Global stocks slid on worries Greece could leave the eurozone, while oil prices fell after a move by economic powerhouse China to prop up lending sparked fears its economy was weaker than has been thought.
Data pointing to a deeper European recession, along with growing unease about the Greek debt crisis, pushed European shares down nearly 2 per cent to a four-and-a-half-month closing low. Stocks on Wall Street touched a three-month low, while the euro hit a near four-month low against the dollar on Greek fears.
After falling to parity with the greenback, the Australian dollar has continued its slide and is now buying 99.69 US cents. The political uncertainty is also set to weight on local stocks, with futures markets this morning indicating a fall of 32 points on the ASX200.
Madrid and Milan shares plunged by more than 3 per cent earlier on heightened concern that the pair could fall victim to the eurozone sovereign debt crisis, should Greece leave the eurozone.
In London, the benchmark FTSE 100 index of top companies lost 1.97 per cent to 5465.52 points, while in Frankfurt the DAX 30 dropped 1.94 per cent to 6451.97 points and in Paris the CAC 40 fell 2.29 per cent to 3057.99 points.
US stocks also closed firmly in the red on Greece’s political stalemate, while turmoil at JPMorgan Chase over its $US2 billion derivatives loss announced last week kept US bank shares under pressure.
The Dow Jones Industrial Average slid 125.40 points, or 0.98 per cent, to 12,695.20 in closing trade.
The S&P 500 fell 15.04 (1.11 per cent) to 1338.35, while the tech-rich Nasdaq dropped 31.24 (1.06 per cent) to 2902.58.
Government debt gained, pushing German yields to record lows, after coalition talks in Greece on Sunday faltered and increased the chance of mid-June election. President Karolos Papoulias summoned political parties to a third day of talks on Tuesday, but the Greek Socialist leader, Evangelos Venizelos, said he was not optimistic a new government could be formed.
The yield on US Treasuries, which moves inversely to price, fell to the lowest level since early October, breaking decisively below 1.80 per cent, a key resistance point.
The benchmark 10-year US Treasury note was up 15/32 in price to yield 1.79 per cent.
“Treasuries are higher as fears about new political realities in Germany and Greece, global growth and Spanish banks drive investors into safe-haven debt markets,” said William O’Donnell, managing director and head of US Treasury strategy at RBS Securities in Stamford, Connecticut.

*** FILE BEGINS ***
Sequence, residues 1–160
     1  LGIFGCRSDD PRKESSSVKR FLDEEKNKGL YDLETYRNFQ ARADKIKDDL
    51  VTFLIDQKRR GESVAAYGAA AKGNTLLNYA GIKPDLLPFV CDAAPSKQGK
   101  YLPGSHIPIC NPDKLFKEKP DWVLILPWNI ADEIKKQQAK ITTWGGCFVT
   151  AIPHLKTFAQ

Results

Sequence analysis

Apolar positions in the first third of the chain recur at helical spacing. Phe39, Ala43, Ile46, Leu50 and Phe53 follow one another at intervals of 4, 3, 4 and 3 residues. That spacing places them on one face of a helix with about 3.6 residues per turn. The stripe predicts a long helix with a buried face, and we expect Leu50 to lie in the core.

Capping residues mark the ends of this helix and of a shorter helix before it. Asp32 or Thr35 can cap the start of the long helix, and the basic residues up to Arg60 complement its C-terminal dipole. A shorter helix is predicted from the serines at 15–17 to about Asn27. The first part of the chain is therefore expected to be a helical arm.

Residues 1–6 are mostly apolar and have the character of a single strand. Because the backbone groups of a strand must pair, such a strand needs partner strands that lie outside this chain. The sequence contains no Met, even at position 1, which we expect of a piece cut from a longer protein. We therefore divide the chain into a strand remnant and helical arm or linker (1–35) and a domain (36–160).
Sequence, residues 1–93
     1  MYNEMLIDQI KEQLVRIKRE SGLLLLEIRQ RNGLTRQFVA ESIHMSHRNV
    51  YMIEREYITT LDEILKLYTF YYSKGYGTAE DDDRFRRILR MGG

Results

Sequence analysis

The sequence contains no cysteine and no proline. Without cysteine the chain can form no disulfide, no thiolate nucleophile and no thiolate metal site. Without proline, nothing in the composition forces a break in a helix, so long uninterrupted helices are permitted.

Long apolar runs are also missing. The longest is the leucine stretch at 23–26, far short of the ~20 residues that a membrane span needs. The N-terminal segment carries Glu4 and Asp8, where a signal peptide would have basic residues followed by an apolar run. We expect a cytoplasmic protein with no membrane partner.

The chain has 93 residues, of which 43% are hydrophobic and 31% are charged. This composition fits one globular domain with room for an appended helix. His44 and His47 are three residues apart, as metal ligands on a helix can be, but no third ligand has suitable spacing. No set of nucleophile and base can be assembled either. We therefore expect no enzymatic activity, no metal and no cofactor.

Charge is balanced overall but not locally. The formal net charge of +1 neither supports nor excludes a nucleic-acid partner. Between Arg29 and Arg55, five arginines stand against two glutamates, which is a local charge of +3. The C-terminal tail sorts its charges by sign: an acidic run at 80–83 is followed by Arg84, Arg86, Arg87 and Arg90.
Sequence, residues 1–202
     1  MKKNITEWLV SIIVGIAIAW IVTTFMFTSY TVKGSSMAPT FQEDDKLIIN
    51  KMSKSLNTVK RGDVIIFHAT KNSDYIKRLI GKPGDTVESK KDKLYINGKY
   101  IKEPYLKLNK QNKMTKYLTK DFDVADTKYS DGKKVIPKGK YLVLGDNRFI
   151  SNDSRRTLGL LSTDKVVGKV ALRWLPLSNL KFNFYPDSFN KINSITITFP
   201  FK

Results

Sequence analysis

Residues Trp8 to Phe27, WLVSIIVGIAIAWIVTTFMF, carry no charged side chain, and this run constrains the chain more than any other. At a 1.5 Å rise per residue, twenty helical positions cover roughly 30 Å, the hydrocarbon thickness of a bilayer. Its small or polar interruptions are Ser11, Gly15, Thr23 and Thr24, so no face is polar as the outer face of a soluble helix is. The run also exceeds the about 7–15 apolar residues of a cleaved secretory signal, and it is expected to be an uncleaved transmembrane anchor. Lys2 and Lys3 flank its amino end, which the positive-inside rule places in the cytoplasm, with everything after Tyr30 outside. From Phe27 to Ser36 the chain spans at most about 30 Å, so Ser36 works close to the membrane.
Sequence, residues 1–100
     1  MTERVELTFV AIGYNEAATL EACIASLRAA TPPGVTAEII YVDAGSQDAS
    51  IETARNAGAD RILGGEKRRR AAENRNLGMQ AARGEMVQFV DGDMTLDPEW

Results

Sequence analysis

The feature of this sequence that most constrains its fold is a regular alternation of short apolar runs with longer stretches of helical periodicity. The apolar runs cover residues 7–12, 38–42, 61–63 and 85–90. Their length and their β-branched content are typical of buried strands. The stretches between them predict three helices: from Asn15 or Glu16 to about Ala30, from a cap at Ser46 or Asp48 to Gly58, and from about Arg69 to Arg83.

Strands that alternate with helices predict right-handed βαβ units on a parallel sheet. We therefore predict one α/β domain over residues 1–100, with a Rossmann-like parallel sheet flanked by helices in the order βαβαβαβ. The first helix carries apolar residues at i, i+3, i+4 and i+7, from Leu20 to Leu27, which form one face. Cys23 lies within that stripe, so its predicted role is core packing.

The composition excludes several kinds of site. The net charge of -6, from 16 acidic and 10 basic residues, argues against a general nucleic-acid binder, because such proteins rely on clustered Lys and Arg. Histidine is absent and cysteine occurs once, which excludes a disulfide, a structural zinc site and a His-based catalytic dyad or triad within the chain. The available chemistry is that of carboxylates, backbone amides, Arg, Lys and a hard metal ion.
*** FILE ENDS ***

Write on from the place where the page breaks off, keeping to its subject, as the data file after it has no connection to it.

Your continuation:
German Chancellor Angela Merkel’s Christian Democrats suffered a crushing defeat on Sunday that could embolden the opposition left to step up attacks on her European austerity policies. Merkel said on Mon day the defeat was a bitter setback but would not alter her view on how to achieve growth.
Safe-haven currencies, such as the dollar and the Japanese yen, rose. Expectations are for the euro to continue to fall, driven by speculation over the implications of Greece’s possible exit from the eurozone.
Factory output falls
Compounding the picture for investors was data that showed output at factories in the eurozone unexpectedly fell in March, the latest in a series of disappointing numbers signaling the bloc’s recession may not be as mild as policymakers hope.
Industrial production in the 17 countries sharing the euro fell 0.3 per cent from February, the EU’s Eurostat statistics office said. Economists polled by Reuters had expected a 0.4 per cent increase in March.
Signs of a struggling Chinese economy also weighed on investor sentiment. China, the world’s second-biggest economy, cut bank reserve requirements on Su nday to free up an estimated 400 billion yuan ($US63.5 billion) for lending in a bid to avert a sudden slowdown.
The FTSEurofirst 300 index of top European shares ended down 1.8 per cent at 1004.20, its lowest close since Dec. 30.
MSCI’s measure of world stock markets fell 1.5 per cent to 310.43.
German Bund futures rose as much as 92 ticks on the day to an all-time high of 143.69, while German 10-year yields plumbed a record low of 1.434 per cent.
Oil fell sharply to extend recent heavy losses as the mounting political uncertainty over Greece and the prospect for slower growth in China, the world’s second-biggest energy consumer, weighed on the demand outlook for energy.
Brent crude fell 69 cents to settle at $US111.57 a barrel. US crude fell $US1.35 to settle at $US94.78 a barrel.
Prices for Brent crude have fallen 6.2 per cent and for US crude 8.4 per cent in the two weeks ended Friday.
Gold prices also fell as the political deadlock in Greece fueled risk aversion and put pressure on the euro.
Spot gold prices lost $US15.83 to trade at $US1563.60 an ounce, after earlier hitting a session low of $US1556.61 an ounce, its lowest since Dec. 30.
The euro fell 0.57 per cent to $US1.2841. The US dollar index was up 0.43 per cent at 80.611, and against the Japanese yen, the dollar was down 0.10 per cent at 79.84 yen.
Analysts said the euro could hit the 2012 low of $US1.2623 in coming weeks, with some forecasting a break toward $US1.20.